I would recognise the gorgeous artwork of Roger Langridge anywhere – probably the only Doctor Who artist I can tell at one glance and the very first frame of a screwball dogfight in space typifies his quirky approach. The Doctor and Amy are no longer the detailed handsome pair they were in their first strip but more colourful, crazy character with laugh out loud slapstick expression. A small secret – Bollywood films are a secret pleasure of mine because the production values are so high, the dance numbers are beautifully extravagant (I am a gayer, you know!) and (this is the real reason) the lead males are often chocolate skinned, is-that-a-gun-in-my-trousers specimens of gorgeousness! The third frame of Rajiv is the epitome of the sort of exotic beauty that is often on display! There’s a wonderful vwappa shapp-shapp sequence where the Doctor and Amy are peddling in the air away from explosions. The 11th Doctor skipping comically away from the Baloch feels hilariously right. The Doctor (in a hay truck with a duck, naturally) as the centre piece of an all out Bollywood dance sequence with the evil Maharaja scaling the hill (‘oh my! Oh my!’ said I!) to spoil everyone’s fun is priceless. We even get the typically romantic vision of Rajiv and the Muse in front of the giant moon gazing into each others eyes.

DWM always excels at these one off idiosyncratic specials and this is another massive winner. Any story that can get me belting out Bollywood numbers, giggling like a kid with his first porn magazine and opening up about Egyptian belly dancing in the bath and unfortunate reactions to gorgeous Bollywood leads is definitely doing something right! This is a huge burst of colourful and fun and sees the 11th Doctor strips skipping merrily from one top notch tale to the next: 9/10

The Golden Ones written by Jonathan Morris with artwork by Martin Geraghty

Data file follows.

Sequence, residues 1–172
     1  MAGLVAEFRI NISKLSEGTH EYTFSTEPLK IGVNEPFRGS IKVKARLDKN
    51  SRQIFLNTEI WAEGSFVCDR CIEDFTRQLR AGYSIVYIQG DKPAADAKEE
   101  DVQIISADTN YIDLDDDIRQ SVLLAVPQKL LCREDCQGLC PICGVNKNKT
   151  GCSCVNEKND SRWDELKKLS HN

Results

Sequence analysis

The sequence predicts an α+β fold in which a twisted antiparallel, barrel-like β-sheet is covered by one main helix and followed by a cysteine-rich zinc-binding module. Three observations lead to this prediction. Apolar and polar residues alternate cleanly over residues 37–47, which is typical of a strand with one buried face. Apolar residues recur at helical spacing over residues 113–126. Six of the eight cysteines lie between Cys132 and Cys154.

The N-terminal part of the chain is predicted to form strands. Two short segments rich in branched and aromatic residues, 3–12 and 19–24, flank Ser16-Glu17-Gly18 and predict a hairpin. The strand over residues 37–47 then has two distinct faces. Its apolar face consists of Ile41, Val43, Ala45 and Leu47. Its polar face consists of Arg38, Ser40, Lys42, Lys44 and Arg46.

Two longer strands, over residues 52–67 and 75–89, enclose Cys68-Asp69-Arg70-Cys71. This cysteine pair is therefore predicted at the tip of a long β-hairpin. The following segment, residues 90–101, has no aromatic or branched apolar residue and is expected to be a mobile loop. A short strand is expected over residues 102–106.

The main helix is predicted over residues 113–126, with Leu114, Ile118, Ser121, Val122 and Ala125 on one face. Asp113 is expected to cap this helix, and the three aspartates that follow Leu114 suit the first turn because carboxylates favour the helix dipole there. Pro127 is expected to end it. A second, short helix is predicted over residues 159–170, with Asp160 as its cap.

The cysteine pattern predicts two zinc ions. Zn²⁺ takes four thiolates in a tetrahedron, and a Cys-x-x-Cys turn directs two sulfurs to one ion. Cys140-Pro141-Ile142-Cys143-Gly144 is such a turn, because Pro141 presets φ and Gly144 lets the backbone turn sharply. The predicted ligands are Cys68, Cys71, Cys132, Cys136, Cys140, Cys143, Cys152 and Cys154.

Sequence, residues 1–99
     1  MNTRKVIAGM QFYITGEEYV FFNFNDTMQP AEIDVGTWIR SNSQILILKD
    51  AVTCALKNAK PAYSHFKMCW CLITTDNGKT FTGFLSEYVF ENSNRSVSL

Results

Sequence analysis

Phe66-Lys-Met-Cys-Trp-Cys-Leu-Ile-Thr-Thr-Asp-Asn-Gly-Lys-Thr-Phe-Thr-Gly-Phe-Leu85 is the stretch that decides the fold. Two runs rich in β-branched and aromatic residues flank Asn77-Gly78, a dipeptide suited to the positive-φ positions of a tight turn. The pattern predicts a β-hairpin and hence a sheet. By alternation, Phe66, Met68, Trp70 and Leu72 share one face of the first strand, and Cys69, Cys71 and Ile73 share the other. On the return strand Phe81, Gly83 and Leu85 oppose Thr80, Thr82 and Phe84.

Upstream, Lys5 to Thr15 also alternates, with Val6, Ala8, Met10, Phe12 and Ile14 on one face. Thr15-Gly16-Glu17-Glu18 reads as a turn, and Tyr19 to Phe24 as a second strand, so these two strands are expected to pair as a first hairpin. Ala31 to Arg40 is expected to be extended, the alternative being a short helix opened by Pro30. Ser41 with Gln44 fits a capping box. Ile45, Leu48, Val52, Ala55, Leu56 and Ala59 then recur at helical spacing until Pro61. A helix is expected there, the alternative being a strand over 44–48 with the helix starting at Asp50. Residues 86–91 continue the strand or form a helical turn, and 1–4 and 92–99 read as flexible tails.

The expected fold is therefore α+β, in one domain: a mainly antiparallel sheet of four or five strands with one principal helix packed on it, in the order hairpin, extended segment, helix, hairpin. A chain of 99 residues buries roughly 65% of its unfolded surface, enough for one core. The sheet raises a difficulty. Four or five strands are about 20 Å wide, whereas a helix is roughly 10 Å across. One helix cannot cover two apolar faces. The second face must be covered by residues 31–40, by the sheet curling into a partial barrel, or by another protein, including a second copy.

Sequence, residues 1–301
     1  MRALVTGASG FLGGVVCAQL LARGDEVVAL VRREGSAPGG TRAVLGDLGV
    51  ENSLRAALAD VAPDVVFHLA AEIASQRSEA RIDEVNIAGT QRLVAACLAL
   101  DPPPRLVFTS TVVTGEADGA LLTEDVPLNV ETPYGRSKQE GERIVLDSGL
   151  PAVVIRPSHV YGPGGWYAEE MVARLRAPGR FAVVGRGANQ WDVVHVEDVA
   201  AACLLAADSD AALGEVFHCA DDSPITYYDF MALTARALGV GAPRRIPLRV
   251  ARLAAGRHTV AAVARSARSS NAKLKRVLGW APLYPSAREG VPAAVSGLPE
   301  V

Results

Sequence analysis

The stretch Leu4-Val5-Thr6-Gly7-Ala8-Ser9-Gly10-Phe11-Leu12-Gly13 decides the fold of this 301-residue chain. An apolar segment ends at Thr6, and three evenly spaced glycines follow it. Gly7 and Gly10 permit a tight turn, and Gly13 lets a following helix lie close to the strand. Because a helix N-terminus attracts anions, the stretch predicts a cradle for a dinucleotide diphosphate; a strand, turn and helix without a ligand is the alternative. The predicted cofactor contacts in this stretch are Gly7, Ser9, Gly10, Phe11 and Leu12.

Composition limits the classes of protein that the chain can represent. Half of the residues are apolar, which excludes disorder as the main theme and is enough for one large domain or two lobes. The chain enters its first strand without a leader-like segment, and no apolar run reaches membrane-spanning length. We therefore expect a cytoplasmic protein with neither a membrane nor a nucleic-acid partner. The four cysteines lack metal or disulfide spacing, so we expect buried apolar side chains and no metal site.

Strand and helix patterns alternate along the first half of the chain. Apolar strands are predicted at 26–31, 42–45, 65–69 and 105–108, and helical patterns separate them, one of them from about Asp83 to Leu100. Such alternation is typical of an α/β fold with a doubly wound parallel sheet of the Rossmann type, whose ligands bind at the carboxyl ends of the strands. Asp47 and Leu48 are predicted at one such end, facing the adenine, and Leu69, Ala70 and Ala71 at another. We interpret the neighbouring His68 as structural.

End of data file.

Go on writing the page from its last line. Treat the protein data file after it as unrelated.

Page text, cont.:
I always read the strips twice, once to just enjoy the story and then again to examine the storytelling and artwork but it was during the first reading of The Golden Ones that I realised that I wasn’t enjoying it very much but I couldn’t put my finger on why. It wasn’t until I was halfway through my second reading that I realised why this wasn’t working for me – it was a tenth Doctor/Russell T Davies story with the eleventh Doctor and Amy! This is the first time we have seen a Davies style worldwide threat by an alien force with newscasts, overseas action and big scary set pieces. But the 11th Doctor plays a different game altogether and his first season avoided this sort of story, even playing its two part finale on a far more intimate scale than usual. There were even moments in this story when I could hear David Tennant saying the eleventh Doctor’s dialogue – he spits out threats to Axos at one point and it is structured and dramaticised in exactly the way Tennant expressed those scenes! There are very few idiosyncrasies that we come to expect from number eleven which surprised me after Morris aced his characterisation in his first two stories. He works far better in dark fantasies and feels completely out of place in action epics like this. There are some other flaws with the story too such as using the perfectly obvious (and therefore not remotely funny) Mika gag, featuring children marching through the streets to the horror of their families (which again was done to death in the Davies era with The Christmas Invasion, The Rise of the Cybermen, Invasion of the Bane and Secrets of the Stars as notable examples) and having a tonally incompetent scene in part four where a giant Goruda takes on the Axon building that feels really uncomfortable when the story is trying so hard to be serious elsewhere. Also the ‘reverse the polarity of the electron flow’ gag made me sigh – for some inexplicable reason it felt like the entire story had been dreamt up to justify that gag. I also feel that for the amount of storytelling there is here this could have happily have had at least one and maybe two parts excised.